Health State & National News

Well, well, Olive Garden is not laying off workers because Obama won. LOL

December 7, 2012

In October, Fox News reported that a second Obama term would guarantee the president’s health care law will be fully implemented. It said Darden Restaurants, which owns Red Lobster, Olive Garde and LongHorn Steakhouse, would have to layoff workers or shift to more part-time employees to avoid the Affordable Healthcare Act.

Well, that isn’t going to happen according to statement released yesterday by the Orlando-based restaurant group:

None of Darden’s current full-time employees, hourly or salaried, will have their full-time status changed as a result of healthcare reform.

Each of Darden’s new and existing restaurants will have full-time hourly employees because that is what it takes to fully deliver the experiences guests expect.

In 2014, all of Darden’s full-time employees, including hourly, salaried and executive employees, will have access to the same insurance plan coverage.

Darden Group figured out that full-time employees are key to its success.

“Although our workforce historically has been heavily part-time, we have always had a significant number of full-time employees and they are integral to our success,” Darden Chairman and CEO Clarence Otis commented. “The data we have collected during our test around guest satisfaction and employee engagement has only reinforced this. As we think about healthcare reform, while many of the Patient Protection and Affordable Care Act’s rules and regulations have yet to be finalized, we are pleased we know enough at this point to make firm and hopefully reassuring commitments to our full-time employees.”

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  • EPenn December 11, 2012 at 12:41 pm

    As long as my insurance company uses 80% of my premiums on my health costs, I guess it may go up… (thats part of the law too)… I will tell you now that my premiums have been going up since well into the Bush years, and now that they are required to use 80% on my health care or refund me (or my employer) the difference, I have been getting all kinds of mailers from them encouraging me to enroll in all kinds of ‘free’ medical systems… (from nurses on call 24hr a day to answer medical questions to weight loss plans/dieticians)… Believe me they don’t want to hand out any refunds… lol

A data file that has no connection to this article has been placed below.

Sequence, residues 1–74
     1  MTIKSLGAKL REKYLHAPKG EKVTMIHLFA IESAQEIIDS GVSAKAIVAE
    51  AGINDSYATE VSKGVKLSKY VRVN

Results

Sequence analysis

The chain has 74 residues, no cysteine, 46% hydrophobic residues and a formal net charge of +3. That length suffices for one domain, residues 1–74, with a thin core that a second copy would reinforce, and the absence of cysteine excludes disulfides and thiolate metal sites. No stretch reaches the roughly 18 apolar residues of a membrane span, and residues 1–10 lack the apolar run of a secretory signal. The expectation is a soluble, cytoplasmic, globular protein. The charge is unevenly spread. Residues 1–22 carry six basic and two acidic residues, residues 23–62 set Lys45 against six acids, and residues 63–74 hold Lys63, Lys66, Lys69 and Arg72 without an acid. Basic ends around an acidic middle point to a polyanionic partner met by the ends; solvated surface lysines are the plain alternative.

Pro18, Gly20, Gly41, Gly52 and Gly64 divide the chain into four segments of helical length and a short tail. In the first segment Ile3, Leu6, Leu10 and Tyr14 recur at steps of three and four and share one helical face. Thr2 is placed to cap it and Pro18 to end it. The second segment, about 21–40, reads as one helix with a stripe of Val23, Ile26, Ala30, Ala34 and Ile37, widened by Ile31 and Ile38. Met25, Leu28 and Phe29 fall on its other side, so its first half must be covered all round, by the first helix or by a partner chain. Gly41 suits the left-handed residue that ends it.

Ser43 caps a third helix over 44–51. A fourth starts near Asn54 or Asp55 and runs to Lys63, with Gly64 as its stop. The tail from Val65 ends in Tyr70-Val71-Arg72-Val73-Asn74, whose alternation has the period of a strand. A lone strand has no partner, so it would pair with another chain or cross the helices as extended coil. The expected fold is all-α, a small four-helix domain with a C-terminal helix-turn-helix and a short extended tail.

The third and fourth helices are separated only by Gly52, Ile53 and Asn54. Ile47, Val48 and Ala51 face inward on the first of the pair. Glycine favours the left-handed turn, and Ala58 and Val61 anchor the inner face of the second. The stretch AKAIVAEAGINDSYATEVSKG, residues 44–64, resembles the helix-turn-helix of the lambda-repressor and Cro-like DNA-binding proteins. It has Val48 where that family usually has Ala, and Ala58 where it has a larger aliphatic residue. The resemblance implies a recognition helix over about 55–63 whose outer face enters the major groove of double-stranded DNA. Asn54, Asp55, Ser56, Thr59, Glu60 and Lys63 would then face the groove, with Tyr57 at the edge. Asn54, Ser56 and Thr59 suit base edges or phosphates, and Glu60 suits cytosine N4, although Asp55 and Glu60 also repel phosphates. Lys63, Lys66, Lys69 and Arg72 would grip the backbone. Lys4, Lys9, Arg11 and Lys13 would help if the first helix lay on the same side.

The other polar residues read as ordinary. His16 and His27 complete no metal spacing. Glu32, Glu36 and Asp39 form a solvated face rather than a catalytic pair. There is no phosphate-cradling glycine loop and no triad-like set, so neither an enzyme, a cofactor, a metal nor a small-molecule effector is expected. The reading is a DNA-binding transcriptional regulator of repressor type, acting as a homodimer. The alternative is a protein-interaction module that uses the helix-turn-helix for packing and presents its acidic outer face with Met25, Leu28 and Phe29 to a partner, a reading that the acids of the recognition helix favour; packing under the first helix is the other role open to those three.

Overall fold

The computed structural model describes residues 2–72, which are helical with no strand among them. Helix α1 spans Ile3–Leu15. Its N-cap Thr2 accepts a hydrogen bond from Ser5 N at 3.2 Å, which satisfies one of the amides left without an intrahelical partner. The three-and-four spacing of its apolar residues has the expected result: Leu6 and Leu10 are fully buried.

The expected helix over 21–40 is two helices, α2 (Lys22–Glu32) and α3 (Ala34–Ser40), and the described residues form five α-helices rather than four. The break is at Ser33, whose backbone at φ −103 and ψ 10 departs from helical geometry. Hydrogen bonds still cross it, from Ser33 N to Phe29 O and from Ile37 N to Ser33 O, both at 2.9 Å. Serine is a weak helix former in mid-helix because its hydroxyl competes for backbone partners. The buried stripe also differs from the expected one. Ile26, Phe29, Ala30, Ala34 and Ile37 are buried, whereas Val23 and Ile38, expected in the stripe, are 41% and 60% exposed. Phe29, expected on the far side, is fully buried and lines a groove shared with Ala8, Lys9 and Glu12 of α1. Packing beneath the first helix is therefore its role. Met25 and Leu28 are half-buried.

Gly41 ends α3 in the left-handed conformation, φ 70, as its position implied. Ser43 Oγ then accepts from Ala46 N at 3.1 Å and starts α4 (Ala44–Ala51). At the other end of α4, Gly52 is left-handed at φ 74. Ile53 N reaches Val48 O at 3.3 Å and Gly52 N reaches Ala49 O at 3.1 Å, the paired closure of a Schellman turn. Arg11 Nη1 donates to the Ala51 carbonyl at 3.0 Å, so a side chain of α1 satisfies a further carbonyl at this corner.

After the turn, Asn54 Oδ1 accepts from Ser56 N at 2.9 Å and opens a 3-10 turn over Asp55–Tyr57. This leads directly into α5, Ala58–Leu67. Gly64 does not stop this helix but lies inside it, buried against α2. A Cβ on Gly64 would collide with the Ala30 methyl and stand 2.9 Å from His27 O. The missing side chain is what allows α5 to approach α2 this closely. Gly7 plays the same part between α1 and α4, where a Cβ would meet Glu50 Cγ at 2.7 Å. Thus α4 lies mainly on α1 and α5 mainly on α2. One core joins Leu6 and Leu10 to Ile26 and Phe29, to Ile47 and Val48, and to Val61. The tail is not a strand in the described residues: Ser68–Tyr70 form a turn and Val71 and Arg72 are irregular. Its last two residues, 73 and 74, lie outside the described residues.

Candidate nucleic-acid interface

• Moose December 11, 2012 at 10:46 am

    Exactly, Rob. How funny is it that all of the supporters of Obama and PPACA bashed the insurance companies for rate increases when, in effect, this is a rate increase that will be added to the cost of their individual and group health insurance, which will also likely have a rate increase? This rate increase will be collected by HHS and then given to the insurance companies (who the liberals despise) so that they can afford to cover the cost increases anticipated by bringing on the higher-risk clientele. That’s interesting since Obama said it wouldn’t cost anyone “one dime.” I guess he was right. It will cost you either the penalty on your income taxes or the cost of the insurance policy plus the $63 on top of that. They haven’t taken one action that will reduce the cost of medical care which is the underlying reason health insurance has been increasing each year by double digits. I hope everyone likes their “”free” healthcare”.

  • Rob December 10, 2012 at 11:16 pm

    Surprise, a new fee!|topnews|text|FRONTPAGE

  • Moose December 10, 2012 at 10:17 am

    Ames, unfortunately, that is not correct. The ACA does drive up costs for employers by expanding coverage to more employees and for some employers (not Darden) require shorter qualifying/waiting periods. On the surface, that sounds great. However, if the business is supported primarily by part-time staff because they are seasonal or the downturn in the economy reduced their income, the part-time employees would be considered full-time equivalents and the business might have to pay a penalty for them to access health insurance elsewhere. From the standpoint of a business that was just trying to keep the benefits available to as many of their employees as possible in light of a dismal economy, those requirements will probably mean the entire health plan for their employees will inevitably be canned. So even if they do offer health insurance the business could be penalized. It probably won’t hurt companies like Darden. You know, the Fortune 500 companies traded on Wall Street. But, it will hurt the smaller 50-200 size employers that make up a bulk of the businesses in the US. Those businesses reduced their health benefits prior to ACA just to keep the plans as affordable as possible to the business and the employees. They aren’t as highly capitalized and don’t have the economy of scale to partially absorb those costs. In the end, the businesses don’t suffer, the employees do. Most of whom are probably lower and middle class workers.

    Gee, Evan. Anything’s possible when you don’t know what you are talking about.

  • Rob December 10, 2012 at 6:47 am

    No penalty except the tax for offering too good of a plan to employees. A tax that with the employer paid premiums costs more than the fine they would pay to not provide an insurance plan. That benefit package doesn’t look so good anymore.

    Not to mention the extra HR cost to figure out what the ACA requirements are as the gov’t seems to change those with the same openness as passing the bill.

  • Evan Johns December 8, 2012 at 9:59 am

    Gee Ames, injecting truth is no way to talk with a Tea Partier.

  • Ames December 7, 2012 at 3:30 pm

    There is no penalty unless they don’t offer health care benefits.

  • Moose December 7, 2012 at 12:25 pm

    Rick, I guess they were wrong. I’m sure we can expect that Darden will just absorb the penalties because there is absolutely no other way for them recoup any costs of the ACA. LOL.